Pasadena Appoints Its First Black Police Chief
A 21-year veteran of the Pasadena Police Department, James M. Robenson, was chosen Tuesday as the first black police chief in the city’s 99-year history.
“We don’t want to be the traditional law enforcement police department,” Robenson said after his appointment by City Manager Donald McIntyre. “We want to stop crime before it occurs and, after it occurs, we want to get there the fastest with the mostest.”
Robenson, who had commanded the Staff Services Division in the 202-officer department, was chosen over two other finalists for the $55,116-a-year job. He replaces Fred Bertsche, who has served as acting police chief since the retirement of Chief Robert McGowan last spring.
Through the Ranks
A Chicago native, the 44-year-old Robenson joined the Pasadena force in 1964 and worked his way up through the ranks. He was promoted to lieutenant in 1974 and commander in 1979.
McIntyre cited the city’s need to be “keenly sensitive to community relations” as a key reason for Robenson’s appointment.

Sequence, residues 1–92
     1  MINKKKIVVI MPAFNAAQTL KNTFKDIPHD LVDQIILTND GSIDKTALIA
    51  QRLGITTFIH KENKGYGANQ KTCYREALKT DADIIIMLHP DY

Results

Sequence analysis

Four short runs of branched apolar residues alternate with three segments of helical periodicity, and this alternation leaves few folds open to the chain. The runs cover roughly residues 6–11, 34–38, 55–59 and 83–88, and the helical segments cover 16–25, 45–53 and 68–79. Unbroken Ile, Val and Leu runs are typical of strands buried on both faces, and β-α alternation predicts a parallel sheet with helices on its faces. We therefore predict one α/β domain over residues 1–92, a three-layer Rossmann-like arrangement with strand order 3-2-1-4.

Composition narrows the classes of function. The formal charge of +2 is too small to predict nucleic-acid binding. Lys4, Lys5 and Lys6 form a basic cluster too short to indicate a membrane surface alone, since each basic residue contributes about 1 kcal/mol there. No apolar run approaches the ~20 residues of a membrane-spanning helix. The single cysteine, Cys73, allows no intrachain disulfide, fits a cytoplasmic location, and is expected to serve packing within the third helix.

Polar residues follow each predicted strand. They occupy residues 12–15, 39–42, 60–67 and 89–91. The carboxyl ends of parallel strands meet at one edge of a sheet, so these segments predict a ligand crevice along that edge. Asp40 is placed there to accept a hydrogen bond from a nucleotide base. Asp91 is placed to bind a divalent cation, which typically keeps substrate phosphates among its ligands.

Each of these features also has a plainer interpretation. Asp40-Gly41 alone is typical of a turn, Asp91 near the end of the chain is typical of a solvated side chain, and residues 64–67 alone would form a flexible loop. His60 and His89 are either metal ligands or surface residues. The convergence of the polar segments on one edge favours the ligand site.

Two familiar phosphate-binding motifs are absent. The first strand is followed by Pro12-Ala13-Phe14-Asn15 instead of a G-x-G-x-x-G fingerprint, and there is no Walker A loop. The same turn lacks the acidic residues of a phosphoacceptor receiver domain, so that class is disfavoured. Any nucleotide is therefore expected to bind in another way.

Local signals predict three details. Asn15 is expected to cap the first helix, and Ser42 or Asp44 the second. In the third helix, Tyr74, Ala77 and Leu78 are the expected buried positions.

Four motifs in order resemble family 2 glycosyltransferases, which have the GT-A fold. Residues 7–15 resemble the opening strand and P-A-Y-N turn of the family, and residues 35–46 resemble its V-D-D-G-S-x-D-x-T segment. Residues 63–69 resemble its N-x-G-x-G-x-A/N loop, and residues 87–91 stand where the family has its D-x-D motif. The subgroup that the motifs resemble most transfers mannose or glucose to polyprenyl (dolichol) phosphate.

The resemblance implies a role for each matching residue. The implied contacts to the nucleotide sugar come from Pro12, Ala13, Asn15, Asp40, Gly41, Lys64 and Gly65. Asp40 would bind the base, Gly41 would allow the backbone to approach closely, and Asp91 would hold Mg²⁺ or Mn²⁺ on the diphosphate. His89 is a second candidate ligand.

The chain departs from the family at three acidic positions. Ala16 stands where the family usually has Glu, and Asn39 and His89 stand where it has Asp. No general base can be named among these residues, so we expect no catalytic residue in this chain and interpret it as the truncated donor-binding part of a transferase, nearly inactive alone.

“This is the best man to work with the community in making this a safe community,” he said.
Robenson is one of the few black police chiefs in California. Other cities that have black chiefs include Berkeley, Compton and Inglewood, according to Dennis Diaz, president of the Pasadena Police Officers Assn.
Diaz said Robenson is well regarded among rank-and-file officers and the appointment came as no surprise.
Robenson takes command of a department that has experienced racial tension in the past. The department, which has 36 black officers, was sued in 1978 for discriminating against blacks and Latinos in hiring and promotion policies. The city settled the suit for $500,000 in 1983. About 18% of the city’s 125,000 residents are black.
Mayor William Bogaard said he is delighted with the appointment, adding that Robenson “mixes well with the various segments of Pasadena, which is a diverse and complicated community.”